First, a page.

fredag 12. juni 2009

Woody Allen's ten best movies

10. Match Point

Match Point has a fitting slow pace, unusually slow for an Allen film. Match Point's plot bears resemblance to 1989's "Crimes and misdemeanours", but it has a different style and a different feel. Match Point is expertly crafted editing-, pacing and directing-wise. It is also a return to form after 15 years of lacklustre light comedies (except The Sweet and Lowdown, Deconstructing Harry, Manhattan Murder Mystery and Husbands and Wives).

9. Broadway Danny Rose

Woody Allen in light comedic mood succeeds well in this charming movie about a manager and his hopeless adultering and drinking client. At the core, Allen employs a melancholic tale of a bygone era replaced by stronger capitalism and artists forgetting about where they came from. Allen's homage to the French New Wave climaxes in one of the final scenes when he runs after Mia Farrow in the rain, with a camera tracking shot from across the street. A deeply charming movie, with some great comedy.

8. Husbands and Wives

Allen's take on Ingmar Bergman's "Scenes from a marriage" is ultimately a fascinating movie where Allen employs his talent for writing intellectual and poignant lines. The handheld-camera and Woody's Cassavettes-like empathy for the characters suits this movie very well. One of his most successful "serious" movies.

7. Radio Days

I love the way Allen gets inspired by other directors and makes his own versions of their movies. Radio Days is clearly inspired by Fellini, but because of Allen's use of his own life and memories it is distinctly Allenesque. I love Radio Days period details, music and its romanticizing of the American 1940's childhood.

6. Zelig

This movie is incredibly well-done and probably Allen's greatest creative output. Zelig is a playful "mockumentary" that really cemented Woody's artistic talent. He really makes the audience believe his cooky kafkaesque story of a human cameleon always changing into different personalities. It really is a profound statement of human's tendency to adapt to other people.

5. Hannah and Her Sisters

This movie's got Sven Nykvist, Max Von Sydow, Mia Farrow, Diane West and Michael Caine all in good form. And it has Woody as Mickey Sachs, one of his funniest and most neurotic characters. This movie succeeds both with the funny parts, and the more serious and dramatic parts.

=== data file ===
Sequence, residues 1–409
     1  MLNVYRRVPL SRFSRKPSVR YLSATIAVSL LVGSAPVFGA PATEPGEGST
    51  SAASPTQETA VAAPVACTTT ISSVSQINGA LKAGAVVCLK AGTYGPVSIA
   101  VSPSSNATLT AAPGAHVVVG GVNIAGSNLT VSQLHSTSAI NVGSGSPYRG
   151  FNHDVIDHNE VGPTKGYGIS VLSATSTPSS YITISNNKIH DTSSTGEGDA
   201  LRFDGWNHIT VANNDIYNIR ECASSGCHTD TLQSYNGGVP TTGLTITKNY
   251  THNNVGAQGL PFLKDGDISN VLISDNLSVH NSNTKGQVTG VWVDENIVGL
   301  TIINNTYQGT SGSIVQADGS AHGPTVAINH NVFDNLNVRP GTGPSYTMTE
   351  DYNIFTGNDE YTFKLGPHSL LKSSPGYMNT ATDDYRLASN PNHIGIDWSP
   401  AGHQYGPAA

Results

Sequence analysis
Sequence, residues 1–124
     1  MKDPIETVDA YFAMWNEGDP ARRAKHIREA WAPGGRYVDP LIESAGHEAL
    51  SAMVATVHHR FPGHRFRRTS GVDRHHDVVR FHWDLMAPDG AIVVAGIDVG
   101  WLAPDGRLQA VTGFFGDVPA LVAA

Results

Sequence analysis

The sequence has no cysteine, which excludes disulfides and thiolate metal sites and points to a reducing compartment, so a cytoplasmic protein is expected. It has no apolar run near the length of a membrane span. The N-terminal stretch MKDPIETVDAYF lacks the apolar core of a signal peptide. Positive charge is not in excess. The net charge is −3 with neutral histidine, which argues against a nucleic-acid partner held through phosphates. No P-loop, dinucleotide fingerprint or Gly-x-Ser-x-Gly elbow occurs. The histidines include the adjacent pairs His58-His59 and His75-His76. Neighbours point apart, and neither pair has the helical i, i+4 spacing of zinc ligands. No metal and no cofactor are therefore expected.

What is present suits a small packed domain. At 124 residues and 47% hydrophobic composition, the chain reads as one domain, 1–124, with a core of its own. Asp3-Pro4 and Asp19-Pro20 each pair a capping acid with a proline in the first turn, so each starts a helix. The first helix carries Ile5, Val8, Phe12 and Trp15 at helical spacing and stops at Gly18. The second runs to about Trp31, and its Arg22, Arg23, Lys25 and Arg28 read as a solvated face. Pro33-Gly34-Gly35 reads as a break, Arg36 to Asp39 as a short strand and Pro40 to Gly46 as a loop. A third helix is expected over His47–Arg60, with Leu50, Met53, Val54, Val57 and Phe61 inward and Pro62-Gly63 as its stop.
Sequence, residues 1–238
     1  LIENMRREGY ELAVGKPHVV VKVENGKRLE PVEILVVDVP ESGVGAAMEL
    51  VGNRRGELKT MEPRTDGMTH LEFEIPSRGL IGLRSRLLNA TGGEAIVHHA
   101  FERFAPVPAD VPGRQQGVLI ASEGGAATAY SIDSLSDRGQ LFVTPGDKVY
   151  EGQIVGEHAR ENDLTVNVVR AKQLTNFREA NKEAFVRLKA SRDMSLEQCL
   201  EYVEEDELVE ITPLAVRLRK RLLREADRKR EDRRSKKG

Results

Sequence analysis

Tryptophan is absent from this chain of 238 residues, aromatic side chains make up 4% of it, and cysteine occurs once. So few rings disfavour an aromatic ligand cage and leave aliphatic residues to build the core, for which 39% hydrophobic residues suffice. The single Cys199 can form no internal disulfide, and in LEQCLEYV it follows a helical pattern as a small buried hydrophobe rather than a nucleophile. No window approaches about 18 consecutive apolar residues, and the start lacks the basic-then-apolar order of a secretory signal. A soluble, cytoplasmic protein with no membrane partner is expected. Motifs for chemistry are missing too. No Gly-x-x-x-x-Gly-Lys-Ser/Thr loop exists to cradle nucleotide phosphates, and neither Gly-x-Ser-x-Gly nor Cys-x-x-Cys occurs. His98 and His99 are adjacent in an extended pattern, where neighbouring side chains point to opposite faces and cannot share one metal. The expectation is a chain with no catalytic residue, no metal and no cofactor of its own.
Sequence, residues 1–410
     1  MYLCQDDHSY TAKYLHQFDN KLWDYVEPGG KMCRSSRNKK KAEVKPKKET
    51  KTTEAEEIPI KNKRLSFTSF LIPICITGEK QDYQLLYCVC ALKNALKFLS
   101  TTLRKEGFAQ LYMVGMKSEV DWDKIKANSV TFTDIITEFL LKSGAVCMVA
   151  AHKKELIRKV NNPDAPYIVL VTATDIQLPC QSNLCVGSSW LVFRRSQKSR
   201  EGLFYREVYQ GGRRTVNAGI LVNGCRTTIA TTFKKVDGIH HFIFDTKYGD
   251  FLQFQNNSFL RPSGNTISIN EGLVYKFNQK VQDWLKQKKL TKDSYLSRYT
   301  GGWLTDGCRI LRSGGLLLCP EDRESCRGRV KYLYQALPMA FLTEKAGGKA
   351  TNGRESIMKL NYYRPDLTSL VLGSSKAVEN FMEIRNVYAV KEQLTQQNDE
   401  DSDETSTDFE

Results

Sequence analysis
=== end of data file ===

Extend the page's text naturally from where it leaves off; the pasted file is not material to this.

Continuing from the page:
4. Manhattan

The images is what makes "Manhattan" stand out. Nykvist's exquisite photography of New York City really sticks in your head. Allen's script is also very good, featuring a romance with a very young girl and his problems with intellectual people. This ambiguity is very interesting and Woody employs it in several of his movies. Allen's character hates the intellectual type and at the same time is one himself. He is pushed and pulled between "simple" people and more "intellectual" people not able to define what he prefers.

3. Love and Death

This is Woody's funniest movie, where he pokes fun at the russian culture and its writers. Love and Death showcases Allen's fascination with the Marx Brothers and it works brilliantly.

2. Annie Hall

"Annie Hall" seems fresh even today. It's hilariously funny, intelligent, creative and very entertaining. Woody comments on nearly everything in popular culture and is very laconic and sarcastic all the way through.

1. Crimes and Misdemeanours

This movie has always struck me as quite perfect. The plot is simple: A man contemplates killing his mistress because she threatens to destroy his carreer and family. It shows a man riddled with guilt and moral dillemmas, a human being not percieving himself as evil, but somehow finds himself in a situation where he has to break his own moral codes to keep up his perfect appearance within society. Its Woody at his most nihilistic and it brings up alot of questions. What is morally right or wrong? Could and should we trust other people and listen to what they say? Are we ultimately on our own?

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